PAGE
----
The Book: Looking for Alaska by John Green
And it's About?
Miles Halter is fascinated by famous last words–and tired of his safe life at home. He leaves for boarding school to seek what the dying poet Francois Rabelais called the “Great Perhaps.” Much awaits Miles at Culver Creek, including Alaska Young. Clever, funny, screwed-up, and dead sexy, Alaska will pull Miles into her labyrinth and catapult him into the Great Perhaps.
In a Word, it was... Enigmatic.
Miles is a bookish but sweet kid, sheltered and used to spending too much time indoors when he escapes the lonelinesssand unpopularity of his pre-private school life. Miles' private boarding school if about 300 times cooler than any high school any of us went to but more than that, he makes friends that you wish had been your friends. The smart, subversive and tough Colonel, Takumi, the token Asian, and, of course, Alaska. She's that damaged girl that every boy wants to fix: beautiful, furtive and artistic.
Shit happens. Much like at his old school, Miles becomes a target for a group of popular bullies. A prank ensues war between Miles' group of friends and those bullies; the "Weekday Warriors" (local rich kids that stay at the school during the week and go back to their "air-conditioned" homes in the weekends). Miles' escalating love and lust for the unattainable Alaska has all the hallmarks of your three-year crush on so-and-so circa ninth grade. And, in a brave move for a YA book in this day and age of self-censorship and children's books with morals, there was enough booze, cigarettes and sex in this book to remind me of my actual days in high school.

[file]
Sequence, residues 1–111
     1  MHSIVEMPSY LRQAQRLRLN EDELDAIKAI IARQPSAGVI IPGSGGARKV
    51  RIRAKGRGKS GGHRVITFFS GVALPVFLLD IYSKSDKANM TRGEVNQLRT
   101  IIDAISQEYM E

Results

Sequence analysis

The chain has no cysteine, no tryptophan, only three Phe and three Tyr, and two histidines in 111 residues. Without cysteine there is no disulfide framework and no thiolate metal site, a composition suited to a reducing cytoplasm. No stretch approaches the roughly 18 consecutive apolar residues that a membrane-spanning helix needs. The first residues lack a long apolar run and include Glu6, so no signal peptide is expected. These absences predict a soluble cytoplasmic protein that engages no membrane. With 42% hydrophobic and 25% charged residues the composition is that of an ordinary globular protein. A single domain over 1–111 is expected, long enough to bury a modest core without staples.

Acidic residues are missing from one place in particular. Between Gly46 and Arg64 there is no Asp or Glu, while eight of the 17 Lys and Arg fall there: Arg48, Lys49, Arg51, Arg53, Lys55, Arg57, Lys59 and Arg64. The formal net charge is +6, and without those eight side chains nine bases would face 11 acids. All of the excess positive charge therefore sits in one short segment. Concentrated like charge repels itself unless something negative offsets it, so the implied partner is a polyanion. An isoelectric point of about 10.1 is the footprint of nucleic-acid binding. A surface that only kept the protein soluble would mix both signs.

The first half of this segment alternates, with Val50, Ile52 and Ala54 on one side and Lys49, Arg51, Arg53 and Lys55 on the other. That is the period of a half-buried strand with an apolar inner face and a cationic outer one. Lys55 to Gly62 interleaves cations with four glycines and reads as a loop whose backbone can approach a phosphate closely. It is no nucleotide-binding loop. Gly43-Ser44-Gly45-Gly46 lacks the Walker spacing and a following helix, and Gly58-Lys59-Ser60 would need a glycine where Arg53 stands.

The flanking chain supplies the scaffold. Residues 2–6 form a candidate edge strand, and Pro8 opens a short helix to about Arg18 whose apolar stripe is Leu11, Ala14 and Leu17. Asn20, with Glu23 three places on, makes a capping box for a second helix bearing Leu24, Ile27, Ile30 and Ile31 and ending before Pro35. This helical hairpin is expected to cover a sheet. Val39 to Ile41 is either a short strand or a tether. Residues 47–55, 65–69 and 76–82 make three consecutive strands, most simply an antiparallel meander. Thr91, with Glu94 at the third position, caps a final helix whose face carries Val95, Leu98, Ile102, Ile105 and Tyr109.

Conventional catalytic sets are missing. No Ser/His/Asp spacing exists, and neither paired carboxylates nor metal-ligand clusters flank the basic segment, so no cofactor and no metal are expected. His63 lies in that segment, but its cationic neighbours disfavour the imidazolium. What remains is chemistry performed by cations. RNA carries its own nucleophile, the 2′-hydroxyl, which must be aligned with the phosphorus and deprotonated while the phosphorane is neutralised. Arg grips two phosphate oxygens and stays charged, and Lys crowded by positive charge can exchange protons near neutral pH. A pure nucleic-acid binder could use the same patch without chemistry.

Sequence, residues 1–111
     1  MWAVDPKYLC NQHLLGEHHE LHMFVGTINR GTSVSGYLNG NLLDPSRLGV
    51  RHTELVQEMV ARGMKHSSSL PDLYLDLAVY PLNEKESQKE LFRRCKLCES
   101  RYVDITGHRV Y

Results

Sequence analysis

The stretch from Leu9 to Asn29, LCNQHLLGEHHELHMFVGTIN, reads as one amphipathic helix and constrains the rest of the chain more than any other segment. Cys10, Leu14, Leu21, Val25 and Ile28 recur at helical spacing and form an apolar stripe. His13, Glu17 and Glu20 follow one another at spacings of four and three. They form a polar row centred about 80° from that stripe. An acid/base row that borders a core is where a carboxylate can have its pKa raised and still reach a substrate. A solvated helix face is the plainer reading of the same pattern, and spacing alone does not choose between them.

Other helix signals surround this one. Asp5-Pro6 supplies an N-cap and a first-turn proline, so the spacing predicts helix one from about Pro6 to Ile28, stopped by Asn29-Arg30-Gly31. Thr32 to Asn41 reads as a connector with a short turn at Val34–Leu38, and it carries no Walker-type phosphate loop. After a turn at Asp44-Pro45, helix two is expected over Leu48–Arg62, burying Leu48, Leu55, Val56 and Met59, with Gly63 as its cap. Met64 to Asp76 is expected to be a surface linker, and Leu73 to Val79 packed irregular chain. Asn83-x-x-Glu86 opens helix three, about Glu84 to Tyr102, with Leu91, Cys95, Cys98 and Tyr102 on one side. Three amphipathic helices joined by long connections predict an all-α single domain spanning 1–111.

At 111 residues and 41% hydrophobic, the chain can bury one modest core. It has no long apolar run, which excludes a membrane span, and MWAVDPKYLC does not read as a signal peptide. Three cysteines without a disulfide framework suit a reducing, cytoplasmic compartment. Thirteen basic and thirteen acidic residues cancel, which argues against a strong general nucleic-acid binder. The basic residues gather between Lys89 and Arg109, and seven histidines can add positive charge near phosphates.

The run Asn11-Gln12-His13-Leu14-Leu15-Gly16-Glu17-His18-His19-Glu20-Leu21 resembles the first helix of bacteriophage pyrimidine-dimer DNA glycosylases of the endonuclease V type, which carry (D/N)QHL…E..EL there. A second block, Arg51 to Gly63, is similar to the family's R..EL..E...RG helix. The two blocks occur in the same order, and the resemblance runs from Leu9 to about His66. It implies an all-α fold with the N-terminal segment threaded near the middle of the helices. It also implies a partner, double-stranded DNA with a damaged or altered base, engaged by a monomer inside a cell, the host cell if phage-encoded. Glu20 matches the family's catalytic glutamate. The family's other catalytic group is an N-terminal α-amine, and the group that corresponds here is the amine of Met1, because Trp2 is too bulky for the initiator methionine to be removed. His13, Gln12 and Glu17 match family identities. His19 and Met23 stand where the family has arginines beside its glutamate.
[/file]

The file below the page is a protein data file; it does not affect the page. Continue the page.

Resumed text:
Still, it's all the things that don't happen that stayed with me long after I finished this book. Miles' vision of Alaska never quite moves into focus, she's right then but he is looking for her but he can't quite find her. The truth behind a terrible tragedy that befalls on of Miles' group of misfits is never really uncovered. Miles goes to Culver Creek to seek what the poet François Rabelais called “The Great Perhaps" but instead it almost swallows him.
It's pretty rare to find a debut novel with such a punch, nostalgia, humour and the cold comfort of knowing everything did not turn out ok.
In many ways, it's Simón Bolívar’s words “How will I ever get out of this Labyrinth?” that drive each character in this book. They are all crawling, stumbling, racing to find their way out of their own Labyrinth of adolescence, of high school, of poverty, of privilege, of suffering and of grief.
Looking for Alaska is about life at boarding school, unbearable loss, best friends, first loves and last words. Who wouldn't want to read about that? Four hearts and hug out of five.